The Man in the High Castle

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A dazzling speculative novel of 'counterfactual history' from one of America's most highly-regarded science fiction authors, Philip K. Dick's The Man in the High Castle includes an introduction by Eric Brown in Penguin Modern Classics. Philip K. Dick's acclaimed cult novel gives us a horrifying glimpse of an alternative world - one where the Allies have lost the Second World War. In this nightmare dystopia the Nazis have taken over New York, the Japanese control California and the African continent is virtually wiped out. ...

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johnwerneken

Sep 8, 2011

excellent

As many genre fans know, this is one of the all-time best. Glad to again own a copy.

William V

Jun 23, 2011

disappointed

I must have not remembered enough of the story from my reading this more than 40 years ago. I was glad to re-enter Dick's im-
aginary universe and it was interesting but in the felt a little flat.

Emrys

Jun 21, 2009

A Thoughtful Counterfactual

The eponymous man is an author who has written an enormously popular book called The Grasshopper Lies Heavy, which attempts to answer the question, what would have happened if the Allies had won World War II? - a question that can only be answered by the imagination, because in this alternate reality, the Axis won. America is divided into occupational zones controlled by Japanese and German forces, anti-semitic sentiment is rampant, and the I Ching is consulted by people everywhere as a matter of course.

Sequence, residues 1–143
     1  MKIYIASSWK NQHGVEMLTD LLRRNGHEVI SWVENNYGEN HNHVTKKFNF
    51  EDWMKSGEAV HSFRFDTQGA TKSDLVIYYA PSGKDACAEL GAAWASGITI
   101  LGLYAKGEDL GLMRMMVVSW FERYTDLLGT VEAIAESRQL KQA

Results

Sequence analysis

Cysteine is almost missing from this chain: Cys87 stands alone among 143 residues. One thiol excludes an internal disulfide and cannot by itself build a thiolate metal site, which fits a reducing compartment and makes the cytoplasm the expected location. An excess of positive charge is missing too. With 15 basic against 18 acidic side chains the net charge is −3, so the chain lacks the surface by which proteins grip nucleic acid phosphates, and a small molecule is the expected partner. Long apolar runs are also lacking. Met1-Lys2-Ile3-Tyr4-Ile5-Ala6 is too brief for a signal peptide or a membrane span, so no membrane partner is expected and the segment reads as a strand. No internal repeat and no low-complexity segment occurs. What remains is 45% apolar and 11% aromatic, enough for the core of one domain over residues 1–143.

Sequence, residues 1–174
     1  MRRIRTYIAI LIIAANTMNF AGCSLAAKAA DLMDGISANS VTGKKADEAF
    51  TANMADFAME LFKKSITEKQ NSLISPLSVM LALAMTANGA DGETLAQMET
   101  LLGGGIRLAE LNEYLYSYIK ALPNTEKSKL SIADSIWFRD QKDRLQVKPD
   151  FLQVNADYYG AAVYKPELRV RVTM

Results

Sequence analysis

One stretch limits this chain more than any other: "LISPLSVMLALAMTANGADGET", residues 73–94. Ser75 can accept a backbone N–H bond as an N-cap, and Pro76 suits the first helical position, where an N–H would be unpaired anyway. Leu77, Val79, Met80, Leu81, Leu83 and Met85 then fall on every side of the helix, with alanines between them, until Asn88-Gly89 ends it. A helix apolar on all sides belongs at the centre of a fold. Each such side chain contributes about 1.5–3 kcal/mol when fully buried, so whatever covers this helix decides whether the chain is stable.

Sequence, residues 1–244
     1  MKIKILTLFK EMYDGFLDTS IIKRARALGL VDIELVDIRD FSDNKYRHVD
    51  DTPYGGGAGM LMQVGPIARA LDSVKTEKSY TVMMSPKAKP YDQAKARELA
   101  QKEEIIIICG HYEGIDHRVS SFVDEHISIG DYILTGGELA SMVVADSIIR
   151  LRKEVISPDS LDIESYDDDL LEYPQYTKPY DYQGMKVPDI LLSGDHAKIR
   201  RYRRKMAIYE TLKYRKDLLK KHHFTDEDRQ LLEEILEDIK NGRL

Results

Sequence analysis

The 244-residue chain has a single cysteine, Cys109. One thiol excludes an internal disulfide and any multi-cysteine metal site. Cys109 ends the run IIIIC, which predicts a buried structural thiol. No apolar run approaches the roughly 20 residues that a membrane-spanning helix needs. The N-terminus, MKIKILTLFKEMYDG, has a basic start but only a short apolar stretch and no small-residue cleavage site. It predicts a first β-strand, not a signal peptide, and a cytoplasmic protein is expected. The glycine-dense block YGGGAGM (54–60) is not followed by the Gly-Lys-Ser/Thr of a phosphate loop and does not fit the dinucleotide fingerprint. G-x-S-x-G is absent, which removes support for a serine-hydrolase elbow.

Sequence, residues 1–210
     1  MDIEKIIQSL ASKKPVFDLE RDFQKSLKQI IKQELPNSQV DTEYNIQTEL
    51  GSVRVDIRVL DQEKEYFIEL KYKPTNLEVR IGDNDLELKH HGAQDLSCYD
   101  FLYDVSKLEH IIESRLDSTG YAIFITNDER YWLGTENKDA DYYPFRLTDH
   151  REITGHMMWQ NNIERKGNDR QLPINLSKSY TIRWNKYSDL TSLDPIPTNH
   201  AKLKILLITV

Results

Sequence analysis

The story takes its time getting off the ground. Initially, it feels like the interconnected plots are just an excuse for Dick to depict his alternate reality, but it gradually becomes apparent that there really is a point to them. There's no hook at the beginning, nothing to grab the reader's interest, but persevering is worth it. This is a good book, and well-written. The style bears little resemblance to that of Dick's characteristic sci-fi novels; in fact, it's obvious that he consciously altered his style for the purpose of writing this book, transformed it into the sort of broken English riddled with sentence fragments that might have become the norm under Japanese and German influence. The change is evident, but, with few exceptions, not overdone to the point where it might impede the reader's understanding. From that, as well as the terminology, history, and cultural references, it's apparent that Dick put a great deal of thought and effort into this novel.

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